Morgan reminds us that the commission has been meeting for almost six months without compensation. "They are very conscientious," she said. "When something goes on from February the 8th to the hot summer days of August, it's quite demanding on their time and energies and work. I think they should be credited with what they've been doing. They've been exceedingly responsive to the public and exceedingly responsive to trying to fulfill the guidelines as they were adopted at the beginning."

So far, there have been 22 maps presented in total, about 14 of them from the public. Was  Morgan expecting more proposals? "Drawing a citywide map is very complicated and time-consuming," she said. "Trying to keep in the guidelines that have been developed, it's a complicated process."

One member of the public at Tuesday's meeting described redistricting as being "like trying to nail Jell-O to a tree," which is about the best summation of the process we've heard so far. Tonight's meeting is at 6 in Room 6ES at City Hall. It'll also be streamed over the city's website, for those not holding Project Runway premiere watch parties. Come for the shouting, stay because it's going to affect all of our lives for the next decade.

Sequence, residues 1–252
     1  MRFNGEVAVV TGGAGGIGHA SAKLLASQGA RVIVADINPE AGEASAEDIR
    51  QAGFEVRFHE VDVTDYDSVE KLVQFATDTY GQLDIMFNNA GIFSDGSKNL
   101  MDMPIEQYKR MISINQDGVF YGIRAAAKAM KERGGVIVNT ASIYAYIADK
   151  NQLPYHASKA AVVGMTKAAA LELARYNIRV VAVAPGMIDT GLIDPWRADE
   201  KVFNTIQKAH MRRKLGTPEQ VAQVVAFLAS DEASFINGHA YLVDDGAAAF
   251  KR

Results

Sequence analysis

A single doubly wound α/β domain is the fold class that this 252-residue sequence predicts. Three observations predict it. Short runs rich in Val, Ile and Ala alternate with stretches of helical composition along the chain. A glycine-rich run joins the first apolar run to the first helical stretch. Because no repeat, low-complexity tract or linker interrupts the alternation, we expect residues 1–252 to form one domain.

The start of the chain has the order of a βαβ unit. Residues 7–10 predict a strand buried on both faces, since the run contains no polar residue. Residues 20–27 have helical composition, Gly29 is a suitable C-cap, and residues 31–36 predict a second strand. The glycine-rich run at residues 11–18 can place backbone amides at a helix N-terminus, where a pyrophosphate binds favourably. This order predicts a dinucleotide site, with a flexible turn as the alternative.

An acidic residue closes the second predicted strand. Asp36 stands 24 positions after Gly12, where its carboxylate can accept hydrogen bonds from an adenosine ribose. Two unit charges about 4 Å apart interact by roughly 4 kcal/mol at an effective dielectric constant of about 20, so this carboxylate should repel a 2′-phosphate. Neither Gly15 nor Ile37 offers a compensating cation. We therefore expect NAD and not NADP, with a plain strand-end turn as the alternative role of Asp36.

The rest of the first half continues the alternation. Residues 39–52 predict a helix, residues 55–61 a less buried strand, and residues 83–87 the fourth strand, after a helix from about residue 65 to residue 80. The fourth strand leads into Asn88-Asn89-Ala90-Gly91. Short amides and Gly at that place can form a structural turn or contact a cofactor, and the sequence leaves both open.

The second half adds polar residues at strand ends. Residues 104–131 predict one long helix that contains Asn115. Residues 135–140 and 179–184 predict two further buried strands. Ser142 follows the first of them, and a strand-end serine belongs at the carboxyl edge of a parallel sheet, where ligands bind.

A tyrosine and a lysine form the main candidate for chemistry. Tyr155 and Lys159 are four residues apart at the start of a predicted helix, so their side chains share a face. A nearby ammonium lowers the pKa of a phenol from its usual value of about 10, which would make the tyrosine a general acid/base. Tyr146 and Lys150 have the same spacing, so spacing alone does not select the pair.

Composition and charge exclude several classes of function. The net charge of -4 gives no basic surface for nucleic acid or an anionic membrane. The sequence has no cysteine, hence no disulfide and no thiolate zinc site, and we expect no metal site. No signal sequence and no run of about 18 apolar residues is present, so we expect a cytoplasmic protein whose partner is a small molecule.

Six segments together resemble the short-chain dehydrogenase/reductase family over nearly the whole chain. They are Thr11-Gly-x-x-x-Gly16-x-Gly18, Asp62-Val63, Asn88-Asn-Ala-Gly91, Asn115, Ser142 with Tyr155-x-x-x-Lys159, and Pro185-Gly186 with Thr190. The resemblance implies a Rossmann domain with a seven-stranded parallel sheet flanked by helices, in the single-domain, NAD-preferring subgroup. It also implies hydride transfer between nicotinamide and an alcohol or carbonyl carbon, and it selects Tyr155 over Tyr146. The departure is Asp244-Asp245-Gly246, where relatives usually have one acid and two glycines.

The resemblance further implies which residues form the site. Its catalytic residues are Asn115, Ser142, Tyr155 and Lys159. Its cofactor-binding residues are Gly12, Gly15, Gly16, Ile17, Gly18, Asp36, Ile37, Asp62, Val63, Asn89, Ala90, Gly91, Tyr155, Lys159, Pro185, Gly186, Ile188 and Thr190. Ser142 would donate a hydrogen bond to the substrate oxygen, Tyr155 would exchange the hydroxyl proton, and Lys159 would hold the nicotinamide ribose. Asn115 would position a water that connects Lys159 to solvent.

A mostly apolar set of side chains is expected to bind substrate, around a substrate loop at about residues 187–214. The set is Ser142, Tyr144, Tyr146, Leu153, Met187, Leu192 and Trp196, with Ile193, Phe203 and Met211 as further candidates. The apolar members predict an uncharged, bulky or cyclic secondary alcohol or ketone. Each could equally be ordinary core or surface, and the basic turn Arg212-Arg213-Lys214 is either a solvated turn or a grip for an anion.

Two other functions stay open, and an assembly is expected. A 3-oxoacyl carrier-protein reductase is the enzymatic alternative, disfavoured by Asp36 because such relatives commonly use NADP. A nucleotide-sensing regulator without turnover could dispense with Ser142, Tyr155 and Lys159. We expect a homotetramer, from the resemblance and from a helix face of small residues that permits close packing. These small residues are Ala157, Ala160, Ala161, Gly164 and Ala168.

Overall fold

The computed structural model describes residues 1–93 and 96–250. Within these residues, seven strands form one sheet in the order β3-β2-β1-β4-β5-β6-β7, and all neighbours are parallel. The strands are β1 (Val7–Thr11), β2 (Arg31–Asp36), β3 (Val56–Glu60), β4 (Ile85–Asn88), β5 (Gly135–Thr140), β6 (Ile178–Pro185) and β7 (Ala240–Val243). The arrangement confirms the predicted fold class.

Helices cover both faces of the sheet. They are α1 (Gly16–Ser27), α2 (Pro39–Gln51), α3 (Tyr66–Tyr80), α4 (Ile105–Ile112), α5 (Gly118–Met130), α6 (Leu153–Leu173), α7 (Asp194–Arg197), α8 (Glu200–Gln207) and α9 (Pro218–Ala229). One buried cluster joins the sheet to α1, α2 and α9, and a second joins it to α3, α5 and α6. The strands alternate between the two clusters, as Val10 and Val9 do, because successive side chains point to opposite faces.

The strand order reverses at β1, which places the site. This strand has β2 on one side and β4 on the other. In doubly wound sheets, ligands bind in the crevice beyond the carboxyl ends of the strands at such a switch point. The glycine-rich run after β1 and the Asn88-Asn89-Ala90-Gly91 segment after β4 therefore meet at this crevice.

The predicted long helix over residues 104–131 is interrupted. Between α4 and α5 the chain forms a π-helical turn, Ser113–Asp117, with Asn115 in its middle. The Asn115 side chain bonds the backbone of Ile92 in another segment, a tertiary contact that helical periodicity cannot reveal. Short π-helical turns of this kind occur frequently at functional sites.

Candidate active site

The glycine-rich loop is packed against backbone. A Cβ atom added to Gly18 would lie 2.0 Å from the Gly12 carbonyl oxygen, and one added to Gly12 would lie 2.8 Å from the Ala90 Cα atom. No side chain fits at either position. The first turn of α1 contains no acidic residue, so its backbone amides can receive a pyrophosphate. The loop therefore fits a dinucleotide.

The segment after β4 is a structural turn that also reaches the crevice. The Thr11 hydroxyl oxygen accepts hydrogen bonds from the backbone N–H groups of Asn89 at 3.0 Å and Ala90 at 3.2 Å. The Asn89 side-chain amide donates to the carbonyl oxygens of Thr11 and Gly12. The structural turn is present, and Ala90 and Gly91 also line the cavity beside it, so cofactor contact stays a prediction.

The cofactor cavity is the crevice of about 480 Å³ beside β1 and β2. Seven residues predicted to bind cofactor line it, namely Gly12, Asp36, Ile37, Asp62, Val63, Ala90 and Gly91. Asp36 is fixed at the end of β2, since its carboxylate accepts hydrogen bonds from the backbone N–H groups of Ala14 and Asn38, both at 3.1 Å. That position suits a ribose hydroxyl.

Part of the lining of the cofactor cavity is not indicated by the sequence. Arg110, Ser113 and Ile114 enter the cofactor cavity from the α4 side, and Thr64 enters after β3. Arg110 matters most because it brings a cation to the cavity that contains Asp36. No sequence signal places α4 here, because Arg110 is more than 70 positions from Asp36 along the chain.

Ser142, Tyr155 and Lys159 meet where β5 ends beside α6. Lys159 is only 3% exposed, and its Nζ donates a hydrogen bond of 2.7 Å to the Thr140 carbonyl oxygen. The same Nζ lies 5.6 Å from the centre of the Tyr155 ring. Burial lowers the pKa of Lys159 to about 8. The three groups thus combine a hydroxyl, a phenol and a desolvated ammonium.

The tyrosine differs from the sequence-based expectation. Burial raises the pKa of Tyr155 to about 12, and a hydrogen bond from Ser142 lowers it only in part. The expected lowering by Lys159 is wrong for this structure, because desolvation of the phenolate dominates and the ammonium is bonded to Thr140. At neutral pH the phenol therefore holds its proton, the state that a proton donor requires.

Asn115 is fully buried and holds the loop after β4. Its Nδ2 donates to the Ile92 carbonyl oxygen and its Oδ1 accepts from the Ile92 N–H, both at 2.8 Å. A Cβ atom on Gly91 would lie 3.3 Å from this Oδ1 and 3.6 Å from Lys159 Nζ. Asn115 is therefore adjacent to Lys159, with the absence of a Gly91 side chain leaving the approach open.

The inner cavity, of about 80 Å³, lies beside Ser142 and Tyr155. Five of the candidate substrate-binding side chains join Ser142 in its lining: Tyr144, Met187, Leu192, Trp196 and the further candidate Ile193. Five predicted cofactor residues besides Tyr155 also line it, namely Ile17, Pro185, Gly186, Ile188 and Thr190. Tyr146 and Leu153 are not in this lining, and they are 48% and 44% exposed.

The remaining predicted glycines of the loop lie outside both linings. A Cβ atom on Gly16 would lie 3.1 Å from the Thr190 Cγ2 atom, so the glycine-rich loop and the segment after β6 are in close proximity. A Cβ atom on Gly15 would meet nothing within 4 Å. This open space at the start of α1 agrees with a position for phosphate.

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8 comments
W W
W W

@854ff0f3a14711a12c795eb9df487117:disqus  watching.. Thank you for the link !!

Am wondering if there is a list of things that are absolutely NOT ON THE TABLE for changes..The various things the commissioners' have said makes me believe there is such.

This would make a good "FIRST LAYER" on the map..

0802 7-30-11